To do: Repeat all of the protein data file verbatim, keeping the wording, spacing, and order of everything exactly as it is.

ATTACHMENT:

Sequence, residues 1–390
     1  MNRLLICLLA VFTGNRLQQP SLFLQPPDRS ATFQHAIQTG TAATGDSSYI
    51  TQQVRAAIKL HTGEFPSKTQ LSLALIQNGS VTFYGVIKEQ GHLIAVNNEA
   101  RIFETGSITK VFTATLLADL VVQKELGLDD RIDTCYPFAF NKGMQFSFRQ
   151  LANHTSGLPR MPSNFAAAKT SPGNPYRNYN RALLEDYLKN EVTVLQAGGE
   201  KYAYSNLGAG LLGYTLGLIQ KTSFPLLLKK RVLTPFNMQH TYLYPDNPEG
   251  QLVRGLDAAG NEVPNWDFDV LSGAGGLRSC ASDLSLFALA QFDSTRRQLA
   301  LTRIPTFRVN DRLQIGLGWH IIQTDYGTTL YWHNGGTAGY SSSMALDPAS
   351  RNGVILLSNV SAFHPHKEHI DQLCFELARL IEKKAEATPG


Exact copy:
Sequence, residues 1–390
     1  MNRLLICLLA VFTGNRLQQP SLFLQPPDRS ATFQHAIQTG TAATGDSSYI
    51  TQQVRAAIKL HTGEFPSKTQ LSLALIQNGS VTFYGVIKEQ GHLIAVNNEA
   101  RIFETGSITK VFTATLLADL VVQKELGLDD RIDTCYPFAF NKGMQFSFRQ
   151  LANHTSGLPR MPSNFAAAKT SPGNPYRNYN RALLEDYLKN EVTVLQAGGE
   201  KYAYSNLGAG LLGYTLGLIQ KTSFPLLLKK RVLTPFNMQH TYLYPDNPEG
   251  QLVRGLDAAG NEVPNWDFDV LSGAGGLRSC ASDLSLFALA QFDSTRRQLA
   301  LTRIPTFRVN DRLQIGLGWH IIQTDYGTTL YWHNGGTAGY SSSMALDPAS
   351  RNGVILLSNV SAFHPHKEHI DQLCFELARL IEKKAEATPG